Okay, it wasn’t bad, but we didn’t get to do a lot of ministry on Sunday. First let me correct a misconception. I said that the Bed and Breakfast was a typical Nepali house. You have to understand that there are two different typical houses in Nepal – those owned by the very rich and the very poor. You saw the picture of the Bed and Breakfast; this is the house just outside the window of the Guest House. That is the story of all of Nepal. The haves and the have-nots.
Anyway, our host had told us that breakfast would be around 6 a.m. at the Guest House. We were there, but everyone else was asleep. Little did we know that we had to make our own breakfast, but we were learning. We had been told that Sunday may bring a “bundai,” a nation-wide strike that prohibited any vehicles over 2 wheels from being on the road. Sure enough, the strike happened, and we were stuck at the Guest House until after 5 p.m. You see, the people of Nepal are seeking more freedoms. Ironically, the new constitution restricts many freedoms. It is already a crime to proselytize; if things go the way they think they will, it may become illegal to share the gospel. However, that is not one of the freedoms the people are striking for. The “bundai” was peaceful in Kathmandu, but the next day saw riots with as many as 18 people dead including some police officers. For a nation already struggling for survival, these types of issues threaten to bring them to their knees.
So the day, for us, was consumed with orientation, rest, and purchasing supplies once we could get a vehicle on the road. Oh, yeah, we had an awesome day of worship, too. A group of Americans from our host organization decided that they needed to begin a church for their families so that they could maintain the traditions of our churches. Since the Nepalis worship on Saturday, this made perfect sense. Young professionals with families coming together to worship in a foreign land.
It was very special, and, no doubt, prepared us for the coming days. After church, we went to a little Nepali restaurant down the road from the Guest House. We had mo-mos, a dumpling-like food with vegetables and pork, french fries coated with carrots, and crispy-fried chicken tenders. I will say this again: the food was delicious.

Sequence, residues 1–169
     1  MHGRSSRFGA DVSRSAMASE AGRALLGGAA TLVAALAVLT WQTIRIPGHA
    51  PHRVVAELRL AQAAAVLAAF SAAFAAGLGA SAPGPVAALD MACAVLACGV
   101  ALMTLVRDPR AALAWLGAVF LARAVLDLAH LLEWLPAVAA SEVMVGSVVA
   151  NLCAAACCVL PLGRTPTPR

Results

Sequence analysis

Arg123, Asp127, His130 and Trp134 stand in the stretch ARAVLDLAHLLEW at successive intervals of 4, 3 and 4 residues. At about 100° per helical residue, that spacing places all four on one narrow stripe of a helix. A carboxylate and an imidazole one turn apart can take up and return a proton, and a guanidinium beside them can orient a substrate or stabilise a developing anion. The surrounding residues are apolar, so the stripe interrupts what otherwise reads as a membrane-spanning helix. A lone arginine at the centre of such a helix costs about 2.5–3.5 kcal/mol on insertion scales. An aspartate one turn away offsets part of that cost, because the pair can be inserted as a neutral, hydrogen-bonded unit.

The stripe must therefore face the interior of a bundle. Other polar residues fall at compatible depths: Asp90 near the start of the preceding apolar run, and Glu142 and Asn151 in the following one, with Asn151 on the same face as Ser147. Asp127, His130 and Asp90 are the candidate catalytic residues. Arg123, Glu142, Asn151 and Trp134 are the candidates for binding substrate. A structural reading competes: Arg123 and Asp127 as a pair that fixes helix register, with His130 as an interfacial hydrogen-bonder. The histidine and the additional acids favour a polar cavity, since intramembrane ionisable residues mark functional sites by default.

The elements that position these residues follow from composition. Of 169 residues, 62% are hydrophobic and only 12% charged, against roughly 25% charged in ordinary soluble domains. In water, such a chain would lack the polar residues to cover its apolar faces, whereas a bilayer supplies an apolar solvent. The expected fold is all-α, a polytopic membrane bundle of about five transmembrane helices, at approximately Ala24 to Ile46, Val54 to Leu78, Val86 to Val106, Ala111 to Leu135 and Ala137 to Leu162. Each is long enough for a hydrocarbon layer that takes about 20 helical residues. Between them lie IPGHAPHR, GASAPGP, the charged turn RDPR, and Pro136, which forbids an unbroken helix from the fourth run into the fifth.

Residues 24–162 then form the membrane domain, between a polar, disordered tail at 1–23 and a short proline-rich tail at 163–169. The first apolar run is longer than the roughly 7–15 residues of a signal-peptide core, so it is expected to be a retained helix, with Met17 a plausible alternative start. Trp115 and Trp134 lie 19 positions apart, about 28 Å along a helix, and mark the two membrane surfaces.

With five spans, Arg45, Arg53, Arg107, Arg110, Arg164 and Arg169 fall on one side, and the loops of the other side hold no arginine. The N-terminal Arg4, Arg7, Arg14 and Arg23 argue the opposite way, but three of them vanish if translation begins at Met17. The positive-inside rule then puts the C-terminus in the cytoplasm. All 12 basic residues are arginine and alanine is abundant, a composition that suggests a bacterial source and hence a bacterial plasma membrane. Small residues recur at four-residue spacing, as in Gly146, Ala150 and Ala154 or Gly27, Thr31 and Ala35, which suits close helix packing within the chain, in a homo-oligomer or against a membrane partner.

So after 5 p.m., we loaded into two taxis and headed for Tomal, an area of Kathmandu with all sorts of shops. It was a wild ride. The best way I can describe it is to say that it was a two lane road with cars, trucks, and motorcycles riding 4 and 5 abreast weaving in and out while blowing horns and slamming on brakes. By the end of the week, I saw the pattern. It was like a living organism working together to get to the desired goal. The horns were sounded as much out of respect as warning. The idea was to let the other drivers know of your intention to cut them off, but there was no road rage. No anger on their faces. And no accidents which was amazing.
So a few hours later, we had walking sticks, sleeping bag inserts, and umbrellas. Shopping was an amazing experience in itself. In Nepal, if you don’t try to negotiate the price, the merchants don’t respect you, and the tendency is to charge what they think you can pay rather than the value of the item. Fortunately, our host did a good job, and the costs were minimal, but we had only just begun. Then we went for more food – pizza! Yes, there was lots of Western food available in the city, but not in the villages.